Canada’s newly elected Liberal government’s Minister of the Environment, Catherine McKenna, has again delayed her decision surrounding the proposed deep geologic repository (DGR) at the Bruce Nuclear site.
Despite more than a decade of scientific and engineering studies and the recommendation of experts, the Minister has requested more studies to be completed before making her decision on April 16th.
Ontario Power Generation (OPG) proposed the DGR to house low and intermediate level nuclear waste some 680 metres (2,231 ft.) almost a half mile below ground level.
There has been considerable objection to the proposed project by groups who undoubtedly have an agenda. The argument most put forward by several groups is that there may be possible leakage into the waters of Lake Huron. The average depth of Lake Huron is 59 metres (195ft.) with the deepest point at 229m (750 ft.). Therefore, if the project goes ahead, the repository will be almost 1,500 ft. below the deepest level of the lake.
Over the course of the past few years and, in 2015, there have been months of lengthy public meetings, including open hearings before a Joint Review Panel (JRP) where scientists, geologists and engineers of the highest world caliber presented completed studies in support of the safety case for the DGR.
OPG, through 15 years of study, maintains that the proposed DGR would ‘permanently and safely isolate and contain the waste …. ensuring projection of the water and the environment’, a view that was supported by the Joint Review Panel of experts and that continues to be supported by surrounding communities in the region where it would be located.
The outlet for the waters of Lake Huron is the St. Clair River into Lake Erie, a great lake that has had several problems including invasive species of plants, contaminated sediments and often the closure of beaches due to sewage contamination.
Many of the groups, or their spokespeople, against the Canadian DGR are from south of the 49th parallel. In fact, the Michigan senate passed a resolution objecting to the project, this in a state where children have been poisoned by lead in the drinking water.
According to a study, there have been more than half a million water pollution violations in the United States where officials have ignored illegal dumping of toxins by chemical factories and manufacturing plants.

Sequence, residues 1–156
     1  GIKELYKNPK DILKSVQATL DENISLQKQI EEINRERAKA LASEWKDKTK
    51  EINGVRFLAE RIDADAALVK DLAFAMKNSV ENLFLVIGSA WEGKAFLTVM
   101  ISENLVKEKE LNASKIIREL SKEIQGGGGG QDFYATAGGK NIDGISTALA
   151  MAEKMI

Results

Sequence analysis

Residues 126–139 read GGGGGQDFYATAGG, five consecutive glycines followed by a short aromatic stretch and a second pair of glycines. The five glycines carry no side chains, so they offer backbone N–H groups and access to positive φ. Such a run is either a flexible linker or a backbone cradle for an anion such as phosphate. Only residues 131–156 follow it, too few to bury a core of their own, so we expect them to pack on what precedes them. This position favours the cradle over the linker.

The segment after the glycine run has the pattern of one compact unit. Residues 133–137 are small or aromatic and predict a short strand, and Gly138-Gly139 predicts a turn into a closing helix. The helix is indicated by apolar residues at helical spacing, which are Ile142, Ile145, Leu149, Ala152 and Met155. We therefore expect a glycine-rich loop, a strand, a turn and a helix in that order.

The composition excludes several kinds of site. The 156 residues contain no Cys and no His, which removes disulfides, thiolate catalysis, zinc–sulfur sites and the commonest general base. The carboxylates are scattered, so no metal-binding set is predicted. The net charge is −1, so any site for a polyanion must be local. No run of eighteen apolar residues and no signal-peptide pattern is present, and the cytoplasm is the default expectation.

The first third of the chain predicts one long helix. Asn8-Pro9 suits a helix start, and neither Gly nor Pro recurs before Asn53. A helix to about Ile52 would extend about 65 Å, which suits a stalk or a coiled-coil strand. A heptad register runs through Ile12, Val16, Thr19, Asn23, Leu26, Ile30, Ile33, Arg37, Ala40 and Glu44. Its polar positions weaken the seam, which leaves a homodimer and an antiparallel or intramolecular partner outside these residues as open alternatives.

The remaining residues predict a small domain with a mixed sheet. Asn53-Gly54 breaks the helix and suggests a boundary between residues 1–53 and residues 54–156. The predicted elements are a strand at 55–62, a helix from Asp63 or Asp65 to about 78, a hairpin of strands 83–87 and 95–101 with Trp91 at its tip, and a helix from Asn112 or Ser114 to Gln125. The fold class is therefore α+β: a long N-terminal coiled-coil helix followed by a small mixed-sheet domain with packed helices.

Perhaps, those who are so adamantly against the DGR, and who appear to be anti-nuclear in general, should look closer to home when it comes to water and try to be more proactive when it comes to preventing water pollution causes.
As with most cases where there is opposition, the ‘squeaky wheel gets the grease’, while the silent majority sits by … in silence.
Although there are groups who loudly voice their opposition, often with animosity, it is unfortunate that they present no positive alternative solution other than to leave things as the ‘status quo’ … which is basically, do nothing about the nuclear waste that currently exists, and that which will be created, or leave it for future generations to deal with.
What a terribly unscientific stand. Leave it where it is, leave it above ground … and hope for the best. But then what do they really care? They and most of us are going to be long gone anyway.
If they really cared about the future, they would listen to the science … hmmm, what a novel idea!
According to the JRP …”The DGR should be built now rather than later”
“The Panel is of the view that the sooner the waste is isolated from the surface environment the better. The Panel notes the importance of reducing and, if appropriate, reusing and recycling the waste. However, it recognizes that current technologies to alter the waste to render it no longer hazardous are limited, particularly for intermediate level waste that contains radionuclides with longer half-lives. The Panel concludes that the likelihood and consequences of an event resulting in the release of radionuclides from surface storage are greater than they would be for a DGR. The Panel is of the view that the risk of waiting until technologies are available to eliminate the hazards associated with longer-lived radionuclides outweighs the benefits.”
For the full Joint Review Panel final report Click Here